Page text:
Mining in Armenia Creates Danger of Toxic Bi-products

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Moises Torres, Staff Writer
April 3, 2014
Filed under News

Armenia’s vast landscapes and mountain chains are now under siege as private mining companies deplete the country’s natural resources.

According to Suzy Petrosyan, a coordinator for Pan Armenian Environmental Front, Armenia’s ecosystem is rich in natural minerals and precious metals, making it a bedrock of financial profit.

These minerals and metal are mined, generating wealth for foreign companies. A plethora of toxic elements are created as a byproduct of mining. There are 670 mines currently registered in the Republic of Armenia.

During her presentation to attendees on March 5 in SR 138, Petrosyan said that Kapan, a city that is torn between two mining operations, does not receive any of the monetary profit that is generated by Deno’s Gold, a Canadian mining company.

People in these villages are unemployed and their families are starving, so they must take jobs offered by Deno’s Gold, where they suffer human rights violations and are exposed to dense toxic minerals. The workers have virtually no health care if they get sick, and if they quit or lose their jobs, they are easily replaceable.

The government privatized a mining plant in the town of Agarak for only $600,000, with a Russian company now owning 100 percent of the shares.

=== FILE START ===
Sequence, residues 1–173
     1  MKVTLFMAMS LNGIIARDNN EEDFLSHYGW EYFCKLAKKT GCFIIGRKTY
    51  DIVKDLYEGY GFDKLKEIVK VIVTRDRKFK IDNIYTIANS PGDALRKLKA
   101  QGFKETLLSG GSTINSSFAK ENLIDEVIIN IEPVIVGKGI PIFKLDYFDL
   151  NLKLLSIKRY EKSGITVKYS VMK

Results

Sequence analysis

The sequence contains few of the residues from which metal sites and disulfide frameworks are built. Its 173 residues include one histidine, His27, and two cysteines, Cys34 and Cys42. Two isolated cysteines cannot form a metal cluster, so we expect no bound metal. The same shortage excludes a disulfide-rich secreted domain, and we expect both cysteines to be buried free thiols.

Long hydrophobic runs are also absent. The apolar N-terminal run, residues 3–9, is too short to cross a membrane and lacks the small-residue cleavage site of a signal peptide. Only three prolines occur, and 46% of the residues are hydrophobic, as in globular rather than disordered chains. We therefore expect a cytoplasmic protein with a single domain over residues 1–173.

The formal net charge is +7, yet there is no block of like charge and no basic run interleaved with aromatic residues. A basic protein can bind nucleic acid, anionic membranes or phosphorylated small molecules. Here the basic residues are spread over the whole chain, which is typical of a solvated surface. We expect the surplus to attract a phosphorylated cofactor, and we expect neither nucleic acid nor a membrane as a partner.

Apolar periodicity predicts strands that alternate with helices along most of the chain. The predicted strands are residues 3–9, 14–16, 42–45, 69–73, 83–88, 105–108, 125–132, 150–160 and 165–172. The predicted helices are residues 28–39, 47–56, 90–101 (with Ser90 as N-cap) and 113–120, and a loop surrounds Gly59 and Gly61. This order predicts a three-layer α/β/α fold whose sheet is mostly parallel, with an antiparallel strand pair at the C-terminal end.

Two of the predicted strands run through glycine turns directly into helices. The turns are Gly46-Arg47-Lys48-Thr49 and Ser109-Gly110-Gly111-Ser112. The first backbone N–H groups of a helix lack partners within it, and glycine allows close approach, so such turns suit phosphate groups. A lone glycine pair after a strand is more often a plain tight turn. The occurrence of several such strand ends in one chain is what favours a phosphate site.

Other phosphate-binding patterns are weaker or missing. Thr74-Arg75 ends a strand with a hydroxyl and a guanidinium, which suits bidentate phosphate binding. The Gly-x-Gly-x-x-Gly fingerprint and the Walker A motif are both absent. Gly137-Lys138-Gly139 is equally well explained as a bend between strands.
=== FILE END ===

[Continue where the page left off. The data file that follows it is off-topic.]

Kajaran, a small city where a mining plant operates more than 1,000 feet deep into the ground, generated up to 17 million tons of ore in 2007, which is substantially more than the 12.5 million tons they are authorized to extract.

The mining of metals poses the largest threat, creating toxic waste as a bi-product. Without regulation and tougher taxes, more than 300 million tons of poisonous elements are drained into toxic waste dumps.

These toxic waste dumps eventually find their way into rivers, lakes, and valleys where they become toxic deposits that poison every facet of the surrounding ecosystem.

The contamination of these precious water systems disrupts the food environment of the people. The hazardous residue permeates the soil, which in turn pervades the plants, animals, the people, and the air.

“This is very, very serious,” said Petrosyan. “I’m hoping it doesn’t get worse. In 15 to 20 years, it won’t be able to be inhabited.”

Yet, the Armenian government claims mining as their its major source of revenue.

In 2004, the government sold copper for $132 million to a foreign company. A year later, the company that purchased it, generated $190 million in annual profit.

“Banks provide millions upon millions of dollars in loans to fund mining operations,” said Petrosyan.

The Armenian government increased the scope of privileges towards private companies and has few regulations capping private companies. They are allowed to dump toxic waste and mine on deforested land, which is already an issue, having to pay virtually nothing.

The goal of private mining companies is to maximize profit in the least amount of time, taking “the sooner, the better” kind of approach. This short-term monetary plan benefits the Armenian government and private companies more than it does the people.

A lot of the money generated by mining is exported to offshore accounts, leaving Armenia without any real monetary benefit.

Armenia has become a country that generates wealth for other countries through the depletion of its natural sources.

“The environment is going to be a toxic waste dump for many years to come and it’s going to cost millions to stop this,” said Petrosyan.

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